[Pitch] Type Behaviors


(Letanyan Arumugam) #1

Hello Swift Evolution

Please have a look and tell me what you think.
note: it’s a bit long.

Like many others "property behaviours" was something that I found quite interesting, but what got
me really peaked my interest was what it could do. So now as it's been deferred for a while I would like to
either resurrect it or talk about a different solution. The idea I've had is rather different, but
also really similar, I'm no expert at all but I think the internal implementation would be quite similar.

So as with the proposal doc of SE-0030 I'll be going through prodominantly use cases with explanations as
we go in this rough sketch.

property behaviours proposal: https://github.com/apple/swift-evolution/blob/master/proposals/0030-property-behavior-decls.md
property behaviours thread: https://lists.swift.org/pipermail/swift-evolution/Week-of-Mon-20151214/003148.html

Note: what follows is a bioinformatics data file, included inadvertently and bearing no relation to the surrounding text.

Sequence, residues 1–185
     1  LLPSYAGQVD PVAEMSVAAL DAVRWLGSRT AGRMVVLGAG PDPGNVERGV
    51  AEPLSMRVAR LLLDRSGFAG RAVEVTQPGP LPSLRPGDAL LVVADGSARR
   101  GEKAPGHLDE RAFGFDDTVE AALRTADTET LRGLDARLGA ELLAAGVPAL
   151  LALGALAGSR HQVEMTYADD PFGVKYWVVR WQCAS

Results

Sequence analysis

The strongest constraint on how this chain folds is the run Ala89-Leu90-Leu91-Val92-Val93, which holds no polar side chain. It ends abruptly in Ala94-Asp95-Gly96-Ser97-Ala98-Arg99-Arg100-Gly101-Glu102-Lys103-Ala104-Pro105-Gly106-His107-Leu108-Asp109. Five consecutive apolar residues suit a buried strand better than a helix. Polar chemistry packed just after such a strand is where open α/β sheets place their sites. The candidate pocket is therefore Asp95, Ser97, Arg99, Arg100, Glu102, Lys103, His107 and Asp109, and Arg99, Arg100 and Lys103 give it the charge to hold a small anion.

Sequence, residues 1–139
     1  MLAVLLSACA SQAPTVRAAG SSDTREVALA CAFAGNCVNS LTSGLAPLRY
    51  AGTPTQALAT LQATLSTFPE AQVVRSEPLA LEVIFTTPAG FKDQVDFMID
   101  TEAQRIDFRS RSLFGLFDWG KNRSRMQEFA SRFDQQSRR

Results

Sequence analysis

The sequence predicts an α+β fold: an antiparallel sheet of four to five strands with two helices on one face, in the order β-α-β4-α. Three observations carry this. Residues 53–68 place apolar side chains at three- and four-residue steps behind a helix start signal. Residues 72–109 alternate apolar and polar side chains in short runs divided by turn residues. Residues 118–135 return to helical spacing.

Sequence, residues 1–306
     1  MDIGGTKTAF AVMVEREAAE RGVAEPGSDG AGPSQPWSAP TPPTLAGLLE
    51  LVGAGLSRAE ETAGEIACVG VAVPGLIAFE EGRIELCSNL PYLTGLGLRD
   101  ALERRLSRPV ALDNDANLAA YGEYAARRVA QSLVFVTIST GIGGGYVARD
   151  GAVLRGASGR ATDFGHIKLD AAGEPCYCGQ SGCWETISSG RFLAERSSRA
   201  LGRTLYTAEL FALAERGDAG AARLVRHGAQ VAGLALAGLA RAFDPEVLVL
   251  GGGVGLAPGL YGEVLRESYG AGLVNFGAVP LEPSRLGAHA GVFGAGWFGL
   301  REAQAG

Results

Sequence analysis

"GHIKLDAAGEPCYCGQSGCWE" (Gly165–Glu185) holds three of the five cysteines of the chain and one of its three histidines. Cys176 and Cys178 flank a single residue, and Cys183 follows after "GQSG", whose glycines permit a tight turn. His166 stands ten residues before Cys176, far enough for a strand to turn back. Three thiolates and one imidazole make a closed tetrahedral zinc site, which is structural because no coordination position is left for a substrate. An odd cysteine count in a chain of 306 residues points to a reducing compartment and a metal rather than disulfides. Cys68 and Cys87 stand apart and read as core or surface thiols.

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# Type (Wrappers|Behaviours)
  // Type Wrapper is more explanatory of what it does, but Type Behaviour sounds cooler :slight_smile:
  
This feature doesn't require any new 'explicit' functionality be added to Swift, but rather
adds sugar to certain marked types that conform to a behaviour protocol. I think it would be best
to explain the sugar as they appear in the examples

protocol Behaviour {
	associatedtype InitType
	associatedtype SetterType
	associatedtype GetterType
	
	init(_ initialValue: @autoclosure @escaping () -> InitType)
	
	mutating func set(_ value: SetterType)
	mutating func get() -> GetterType
}

  The sugared syntax is added below code usage.
  All the sample code works in Swift 3.1
  
# Some Informalish Rules:

1. A type must conform to the Behaviour protocol to be used as a behaviour
2. A type will have to be explicitly defined at the use site, as a behaviour, to be treated as one.